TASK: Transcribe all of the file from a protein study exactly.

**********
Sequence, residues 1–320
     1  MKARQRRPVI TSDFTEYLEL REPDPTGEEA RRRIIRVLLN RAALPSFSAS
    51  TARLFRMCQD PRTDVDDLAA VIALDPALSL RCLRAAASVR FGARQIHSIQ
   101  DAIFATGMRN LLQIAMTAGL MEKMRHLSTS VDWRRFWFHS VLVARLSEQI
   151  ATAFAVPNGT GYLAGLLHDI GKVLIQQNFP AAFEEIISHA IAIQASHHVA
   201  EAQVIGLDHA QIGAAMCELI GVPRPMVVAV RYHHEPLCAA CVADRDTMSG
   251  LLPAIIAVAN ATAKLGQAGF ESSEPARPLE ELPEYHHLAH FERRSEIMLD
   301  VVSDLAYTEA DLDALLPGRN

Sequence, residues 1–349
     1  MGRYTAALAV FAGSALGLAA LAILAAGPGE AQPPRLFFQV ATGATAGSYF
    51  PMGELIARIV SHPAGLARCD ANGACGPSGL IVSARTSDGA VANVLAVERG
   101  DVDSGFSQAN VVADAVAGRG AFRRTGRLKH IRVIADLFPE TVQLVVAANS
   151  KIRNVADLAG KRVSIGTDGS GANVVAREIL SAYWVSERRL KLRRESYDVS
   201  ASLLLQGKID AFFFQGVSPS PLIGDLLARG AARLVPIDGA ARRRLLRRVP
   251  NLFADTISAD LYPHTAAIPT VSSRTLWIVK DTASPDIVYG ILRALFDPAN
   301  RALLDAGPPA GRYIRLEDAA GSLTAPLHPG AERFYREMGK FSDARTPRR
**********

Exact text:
Sequence, residues 1–320
     1  MKARQRRPVI TSDFTEYLEL REPDPTGEEA RRRIIRVLLN RAALPSFSAS
    51  TARLFRMCQD PRTDVDDLAA VIALDPALSL RCLRAAASVR FGARQIHSIQ
   101  DAIFATGMRN LLQIAMTAGL MEKMRHLSTS VDWRRFWFHS VLVARLSEQI
   151  ATAFAVPNGT GYLAGLLHDI GKVLIQQNFP AAFEEIISHA IAIQASHHVA
   201  EAQVIGLDHA QIGAAMCELI GVPRPMVVAV RYHHEPLCAA CVADRDTMSG
   251  LLPAIIAVAN ATAKLGQAGF ESSEPARPLE ELPEYHHLAH FERRSEIMLD
   301  VVSDLAYTEA DLDALLPGRN

Sequence, residues 1–349
     1  MGRYTAALAV FAGSALGLAA LAILAAGPGE AQPPRLFFQV ATGATAGSYF
    51  PMGELIARIV SHPAGLARCD ANGACGPSGL IVSARTSDGA VANVLAVERG
   101  DVDSGFSQAN VVADAVAGRG AFRRTGRLKH IRVIADLFPE TVQLVVAANS
   151  KIRNVADLAG KRVSIGTDGS GANVVAREIL SAYWVSERRL KLRRESYDVS
   201  ASLLLQGKID AFFFQGVSPS PLIGDLLARG AARLVPIDGA ARRRLLRRVP
   251  NLFADTISAD LYPHTAAIPT VSSRTLWIVK DTASPDIVYG ILRALFDPAN
   301  RALLDAGPPA GRYIRLEDAA GSLTAPLHPG AERFYREMGK FSDARTPRR